Our need to answer that question likely suggests how we read Hunter S. Thompson. 

But the twin murders of the Kennedy brothers are linked to the war that waged and continued to wage unabated in Vietnam. As John F. Kennedy articulated in his speech at American University in the summer before he was shot, it was time for America to rethink our arms race with the Soviets and our basic position in the world. And as Bobby Kennedy articulated in speech after speech in the spring and summer of ’68, the time to end the war in Vietnam was now. Yet the war raged on. 

The ellipse: to mark a failure in the adequacy of words. 

In his 11/23/63 letter to Kennedy, Thompson states for the first time his animating vision to come:

“There is no human being within 500 miles to whom I can communicate anything–much less the fear and loathing that is on me after today’s murder.”

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III. …But nobody spoke

The silence and moral clarity and coordination of the protest, complete with hand signals and discipline, impress Thompson greatly. So too the heroics of Ron Kovic. The vets had come to Miami on a clear mission and had the moral high ground. 

This was not a happening. 

Other anti-war protests earned Thompson’s scorn. He describes them as “useless mobs of chicken-shit-ego-junkies” who were “hopelessly disorganized” with “no real purpose” and “half of them so wasted” they didn’t know if they were in Miami or San Diego. 

Earlier in the book, Thompson meets a 22-year-old journalism graduate from Boston University. She is on her way to search for a sometimes boyfriend who is living in a chicken coop in New England and strung out on mescaline. She isn’t sure about him. She isn’t sure about the issues of the day. She isn’t sure of where she has been or where she is going. 

Thompson writes, we have created “a whole subculture of frightened illiterates with no faith in anything.” 

Not all protests are not created equal. 

IV. …No, “joined” is the wrong word

The passage joins the opening lines of A Farewell to Arms (1929) in capturing the shaded proximal distances between war and peace. The troops in Hemingway march, but we see only dust rise to the treetops. The road bare. The heavy leaves fall early. In the mountains, artillery lights the night sky. 

We can replace the falling leaves with soldiers. Hemingway provides war, but not horror. Thompson gives horror, but no war. The storm has already hit. See the phantom limbs. The faces.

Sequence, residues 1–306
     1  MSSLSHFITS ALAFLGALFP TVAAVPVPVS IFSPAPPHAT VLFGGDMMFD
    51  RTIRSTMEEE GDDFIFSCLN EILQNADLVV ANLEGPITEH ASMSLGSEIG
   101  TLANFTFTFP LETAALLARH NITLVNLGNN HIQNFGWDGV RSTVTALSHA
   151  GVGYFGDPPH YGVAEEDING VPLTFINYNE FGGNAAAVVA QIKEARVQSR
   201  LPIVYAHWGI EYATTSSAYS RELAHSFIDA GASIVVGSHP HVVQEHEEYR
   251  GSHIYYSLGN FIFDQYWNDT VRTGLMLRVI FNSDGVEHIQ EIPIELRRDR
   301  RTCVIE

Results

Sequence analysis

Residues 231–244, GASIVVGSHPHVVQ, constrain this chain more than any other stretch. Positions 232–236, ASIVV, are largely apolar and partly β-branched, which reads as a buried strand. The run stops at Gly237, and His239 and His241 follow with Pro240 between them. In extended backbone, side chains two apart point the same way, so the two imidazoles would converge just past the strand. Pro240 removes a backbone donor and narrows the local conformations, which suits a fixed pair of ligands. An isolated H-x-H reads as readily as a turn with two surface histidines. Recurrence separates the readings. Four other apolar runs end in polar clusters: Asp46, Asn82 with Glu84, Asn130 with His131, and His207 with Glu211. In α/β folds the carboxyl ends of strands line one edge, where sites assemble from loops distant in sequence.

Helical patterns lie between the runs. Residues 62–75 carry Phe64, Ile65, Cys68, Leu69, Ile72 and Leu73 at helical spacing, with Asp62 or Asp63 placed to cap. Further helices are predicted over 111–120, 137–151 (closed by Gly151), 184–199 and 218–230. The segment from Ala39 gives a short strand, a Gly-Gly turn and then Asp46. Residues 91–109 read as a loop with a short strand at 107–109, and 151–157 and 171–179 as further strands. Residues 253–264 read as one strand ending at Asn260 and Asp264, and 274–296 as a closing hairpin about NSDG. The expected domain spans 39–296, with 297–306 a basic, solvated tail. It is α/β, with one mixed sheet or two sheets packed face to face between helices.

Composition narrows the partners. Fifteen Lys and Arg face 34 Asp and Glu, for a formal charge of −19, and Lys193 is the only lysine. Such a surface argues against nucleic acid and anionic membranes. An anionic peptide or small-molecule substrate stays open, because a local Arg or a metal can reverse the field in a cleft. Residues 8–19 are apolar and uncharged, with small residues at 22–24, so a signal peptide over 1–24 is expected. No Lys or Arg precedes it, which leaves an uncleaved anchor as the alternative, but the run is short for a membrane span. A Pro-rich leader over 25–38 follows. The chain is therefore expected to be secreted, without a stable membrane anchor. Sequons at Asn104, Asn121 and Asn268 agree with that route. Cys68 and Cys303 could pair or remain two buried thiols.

(During an internship with Time in New York in 1958, after the military, Thompson holed up in his apartment and typed The Great Gatsby and A Farewell to Arms in their entirety, word for word.) 

The passage joins the long paragraph in Tim O’Brien’s short story “On the Rainy River” (90). There we see another parade, a hallucinatory pep rally. The hero is a draftee who must decide between two shores: Canada or Vietnam? A frenzied cast on either shore calls. Jane Fonda. The Joint Chiefs. Burned villagers. A marching band

The war on the Rainy River is internal. More wars, on separate fronts, remain.  I survived, but it’s not a happy ending, O’Brien writes. I was a coward. I went to the war. 

If we followed the vets in Miami on Collins Avenue and walked with them and kept going through Watergate, disco, Jaws, the election of Ronald Reagan…we’d find them at the Vietnam War Memorial. 

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There they could join the crowd of vets and civilians in Yusef Komunyakaa’s poem “Facing It” (93). The kinetic stillness of the poem balances a vet’s reaction to the names on the wall with the community around him. They come together here. Silence, memory, and loss unite in the black marble where the past is vividly present. The silence gathers and pools and spreads out. 

The ellipse: a moment of silence. An interruptive space to allow the past and future to find now. 

V. …all staring straight ahead

Hunter S. Thompson is an easy figure to misread. 

In the introduction to the 40th anniversary of this book, Matt Taibbi notes that it is not the drugs or profanity that marks Thompson’s legacy, but the fact, “…Thompson never lost his sense of appropriate outrage, never fell into the trap of accepting that moral compromise was somehow a sign of growth and adulthood.” 

The murder of a President in the broad daylight of Dallas drove Thompson to fear and loathing. The murder of his brother and his political vision rendered Thompson unable to speak for weeks without tears. The war in Vietnam, the wider war in Cambodia and Laos, the war without end, was enough to drive a man to swim.

All of that and more is present in these pages.

Thompson once said of his Fear and Loathing books that all of fifteen words might not belong. 

Let’s cut “I remember hearing” in the last sentence. That’s three. Just twelve to go. 

Thompson uses the ellipse across his many books to express a register of moods and minds. They strike here, but by the third paragraph, they’re gone. 

The oldest son of Jack and Virginia Thompson is ten blocks deep with the column. Present and accounted for, he sees the stakes in the late summer of 1972. 

The storm in southeast Asia still rages.

Amidst the opulence and tropical splendor, the vets are marching. 

The silence, almost threatening, is contagious.